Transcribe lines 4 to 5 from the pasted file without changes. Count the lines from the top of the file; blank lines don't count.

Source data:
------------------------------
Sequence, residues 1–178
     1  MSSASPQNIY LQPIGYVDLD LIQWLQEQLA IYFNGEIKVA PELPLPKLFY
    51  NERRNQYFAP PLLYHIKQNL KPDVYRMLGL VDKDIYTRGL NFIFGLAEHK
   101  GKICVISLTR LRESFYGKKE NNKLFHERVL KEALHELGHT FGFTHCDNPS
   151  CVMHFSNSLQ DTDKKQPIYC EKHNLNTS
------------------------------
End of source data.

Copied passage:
   101  GKICVISLTR LRESFYGKKE NNKLFHERVL KEALHELGHT FGFTHCDNPS
   151  CVMHFSNSLQ DTDKKQPIYC EKHNLNTS